The Cure for Low Crude Oil Prices…is Low Prices

“The American Petroleum Institute (API) reported a significant 5.79 million barrel drop in U.S. crude oil supply, the biggest draw since December, 2016. This comes after a reported 4.2 million barrel drop a week ago.” (5/9/2017)

Oil suffered a severe 75% drop in prices from late 2014 to the bottom in early 2016, at around $27 a barrel. At that time few believed a significant rally could occur. The stock market had suddenly become correlated with oil prices, and the sentiment was terribly negative, which is typically the case at major market bottoms. Here we are, a year and 3 months later, with oil trading near $48 per barrel. Most investors might consider that to be a pretty strong recovery in that period of time. However, recent weakness in prices from the past few weeks has been greeted by media pundits parading a never ending series of reasons of why the recovery in prices is over. They point to fracking meeting all of the world’s oil supply needs, and that is why prices will continue to decline. The wall of worry is solidly in place with regard to oil prices. Of course, once oil resumes its recovery on any sustained basis then the financial press will suddenly begin to focus on analysts that are now bullish or have turned bullish.

Reality & Uncertainty

The truth of the matter is that commodity prices are extremely difficult to predict on any short or intermediate term basis. Few if any are equipped to accurately forecast where oil prices will be one month, or one year, from now. For those of us that are investors with a longer-term focus, it seems best to ignore the barrage of news stories, stop thinking like traders, and focus on the long history of mean reversion in commodity prices. The cure for low prices is low prices and the capital market forces are clearly at work as a result of the tremendous drop in prices over the past few years – and not just in oil.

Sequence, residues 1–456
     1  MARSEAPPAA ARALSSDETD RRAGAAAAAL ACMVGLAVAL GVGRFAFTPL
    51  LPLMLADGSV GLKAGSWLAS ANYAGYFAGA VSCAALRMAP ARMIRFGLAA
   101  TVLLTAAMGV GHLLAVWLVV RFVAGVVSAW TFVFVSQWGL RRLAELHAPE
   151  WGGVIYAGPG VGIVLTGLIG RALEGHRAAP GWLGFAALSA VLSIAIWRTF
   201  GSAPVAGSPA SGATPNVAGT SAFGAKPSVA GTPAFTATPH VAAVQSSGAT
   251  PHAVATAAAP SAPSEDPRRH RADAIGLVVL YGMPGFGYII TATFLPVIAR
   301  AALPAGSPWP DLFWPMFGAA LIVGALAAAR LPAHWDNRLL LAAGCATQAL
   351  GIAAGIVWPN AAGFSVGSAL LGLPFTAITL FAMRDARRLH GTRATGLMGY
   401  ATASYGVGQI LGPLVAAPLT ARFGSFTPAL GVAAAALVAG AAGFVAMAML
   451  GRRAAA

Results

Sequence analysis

With all this in mind, we thought we would provide a few data points on the longer term outlook for crude oil which may have been lost in recent negative news coverage.


Global oil discoveries declined to 2.4 billion barrels in 2016, compared with an average of 9 billion barrels per year over the past 15 years. Furthermore, the number of projects that received a final investment decision dropped to the lowest level since the 1940s. (April 27, 2017, International Energy Agency)

Conventional oil production of 69 mb/d represents by far the largest share of the current global oil output of 85 mb/d. However, only 6.5 mb/d come from liquids production from the US shale plays. “The key question for the future of the oil market is for how long can a surge in US shale supplies make up for the slow pace of growth elsewhere in the oil sector,” said Dr. Fatih Birol, the IEA’s Executive Director. (April 27, 2017)

US production is up 327,000 barrels a day from last year and that is a small part of the Organization of Petroleum Exporting Countries (OPEC) 1.2 million barrels per day cut and does not even cover the 558,000 barrels per day non-OPEC cut. (May 1, 2017, The Phil Flynn Energy Report)

“Oil companies’ lean investment over the past two years, as prices struggled, could trigger a return to demand outstripping supply and a sharp rise in pricing volatility by 2020″, the International Energy Agency said in its five-year oil market forecast. (March 7, 2017)

US shale oil alone cannot meet the world’s growing demand for crude. Chevron CEO warned, “…ultimately oil fields decline, and we’re going to need all sources of supply, including the shales, but also deepwater and other sources around the world,” he said. (May 1, 2017, CNBC)

Bullish Views

Bill Strazzullo, Chief Market Strategist at Bell Curve Trading — who correctly called for Crude’s plunge to the $30 range back in 2013 — said oil could be on the verge of a massive rally that would send the commodity to levels not seen in three years. “I think over the next [few years] it’s not out of the question that you push $80- to $90.” (May 5, 2017)

Pierre Andurand, who shot to fame in 2008 by correctly predicting the spike and subsequent fall in the oil price from a record $147 a barrel, correctly forecasted that oil prices would trade close to $25 in the first quarter of 2016 and then correctly forecasted late last year that Brent Crude Oil would trade around $60 a barrel by the end of 2016 recently said, “I think oil prices are likely to recover to around $70 … I think the market will switch to backwardation – sustainable backwardation – by late summer and that will bring the next wave in oil prices.” (March 31, 2017, CNBC)

Alan Konn

Partner & Managing Director of Price Asset Management

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